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  1. #1
    Senior Member Bulldogger's Avatar
    Join Date
    Jun 2007
    On Duty Alamo, California

    20 percent voter turnout expected in presidential primary

    I have mixed feelings about this if it turns out to be true. On one hand I am saddened that only 20% will participate in an important election. On the other hand I think the low voter turnout may help well organized campaigns like Romney’s. I hope this is true and Romney wins in Michigan tonight. ... /801150420

    Tuesday, January 15, 2008
    Decision 2008
    20 percent voter turnout expected in presidential primary
    Detroit News staff and wire reports

    A presidential primary ballot short on Democratic candidates, the pushed up primary date and early-morning snow likely are going to give keep down voter turnout today, according to Secretary of State officials.

    The officials will not issue an official prediction, but believe about 1.5 million of the state's 7.14 million registered voters will hit the polls today. That works out to about 20 percent of the eligible voters casting a ballot.

    Still, Secretary of State spokeswoman Kelly Chesney said local election officials are prepared, trained and ready for voters.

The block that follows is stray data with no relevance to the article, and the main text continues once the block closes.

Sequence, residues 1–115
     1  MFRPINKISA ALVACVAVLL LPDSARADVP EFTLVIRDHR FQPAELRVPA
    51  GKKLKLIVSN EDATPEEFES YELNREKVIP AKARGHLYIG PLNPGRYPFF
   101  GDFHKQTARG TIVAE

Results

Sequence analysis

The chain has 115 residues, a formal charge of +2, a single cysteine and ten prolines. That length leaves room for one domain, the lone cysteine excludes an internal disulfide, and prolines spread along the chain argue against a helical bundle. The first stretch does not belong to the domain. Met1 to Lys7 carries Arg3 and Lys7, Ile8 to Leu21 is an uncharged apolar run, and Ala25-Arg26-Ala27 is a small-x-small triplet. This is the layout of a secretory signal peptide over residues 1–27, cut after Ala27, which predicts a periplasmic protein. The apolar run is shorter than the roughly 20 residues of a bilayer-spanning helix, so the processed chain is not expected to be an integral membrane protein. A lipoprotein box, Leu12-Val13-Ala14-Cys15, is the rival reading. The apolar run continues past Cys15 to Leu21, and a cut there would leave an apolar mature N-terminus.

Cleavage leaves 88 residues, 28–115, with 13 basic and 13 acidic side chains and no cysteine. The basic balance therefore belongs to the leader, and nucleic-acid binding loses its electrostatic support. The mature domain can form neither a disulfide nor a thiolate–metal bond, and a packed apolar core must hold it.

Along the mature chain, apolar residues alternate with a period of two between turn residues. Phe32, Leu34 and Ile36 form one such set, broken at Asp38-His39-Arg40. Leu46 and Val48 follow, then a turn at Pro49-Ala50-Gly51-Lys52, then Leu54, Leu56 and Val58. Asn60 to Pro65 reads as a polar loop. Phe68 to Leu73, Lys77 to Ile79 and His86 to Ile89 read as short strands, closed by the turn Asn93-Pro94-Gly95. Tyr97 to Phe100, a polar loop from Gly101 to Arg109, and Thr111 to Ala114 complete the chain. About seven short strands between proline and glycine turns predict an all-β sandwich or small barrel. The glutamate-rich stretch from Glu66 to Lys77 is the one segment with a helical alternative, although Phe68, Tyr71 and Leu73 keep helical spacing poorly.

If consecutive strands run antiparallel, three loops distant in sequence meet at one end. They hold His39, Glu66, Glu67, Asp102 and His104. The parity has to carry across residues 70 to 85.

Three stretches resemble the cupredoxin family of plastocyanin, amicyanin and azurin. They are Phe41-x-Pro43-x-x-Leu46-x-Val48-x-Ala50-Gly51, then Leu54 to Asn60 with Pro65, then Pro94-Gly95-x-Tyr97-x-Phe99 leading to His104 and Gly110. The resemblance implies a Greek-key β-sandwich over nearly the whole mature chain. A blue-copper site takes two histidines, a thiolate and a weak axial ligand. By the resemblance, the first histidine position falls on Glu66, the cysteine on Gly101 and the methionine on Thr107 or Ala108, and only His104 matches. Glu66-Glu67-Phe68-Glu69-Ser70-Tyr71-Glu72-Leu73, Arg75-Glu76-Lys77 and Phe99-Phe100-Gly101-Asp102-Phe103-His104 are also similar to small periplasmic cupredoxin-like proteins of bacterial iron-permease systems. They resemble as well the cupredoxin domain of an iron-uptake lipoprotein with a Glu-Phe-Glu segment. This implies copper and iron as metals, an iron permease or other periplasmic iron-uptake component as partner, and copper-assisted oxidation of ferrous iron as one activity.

"The concern is that all eligible voters get to the polls," she said. "It is not the mechanics. Our local election officials have done a very good job. They have gone through a great a deal of training."

    Detroit election officials who visited about 10 voting sites this morning said they expect a 20 percent turnout today.

    "We get what we can," said Detroit Elections Director Daniel Baxter. "Some voters are apathetic and upset with the ballot."

    The Republican ballot was expected to attract the most voters because it has a full slate of candidates. Arizona Sen. John McCain and Michigan native Mitt Romney were in a close race, while former Arkansas Gov. Mike Huckabee also was expected to do well.

    State Republican Chairman Saul Anuzis urged Republicans to go to the polls.

    "It's election day," Anuzis said in an e-mail sent to members of the party before 6 a.m. "Regardless of whom you support, Republicans, please go out and vote today. It's our nominee, it's our party and it's our time for our voices to be heard."

    But voters who wanted to vote in the Democratic primary have fewer choices. Barack Obama and John Edwards pulled their names from the Democratic ballot after Michigan broke national party rules by moving up its primary date. Their supporters were urging voters to vote for uncommitted, which could leave some delegates free to back Obama or Edwards -- that is, if the Democratic Party decides to send any delegates to the national convention. Currently, the party has said they won't send delegates.

    Write-in votes won't be counted.

    Over the weekend, Gov. Jennifer Granholm urged voters to select Hillary Rodham Clinton because the Democratic New York senator left her name on the ballot.

    "She supports Michigan," Granholm said.

    A snow advisory was in effect until 9 a.m. today with as much as five inches of snow expected in outlying areas by then, according to the National Weather Service in White Lake Township.

    By 7:30 a.m. today, only 21 people had voted at Central Middle School in Plymouth and poll workers outnumbered people waiting to cast a ballot by about four to one.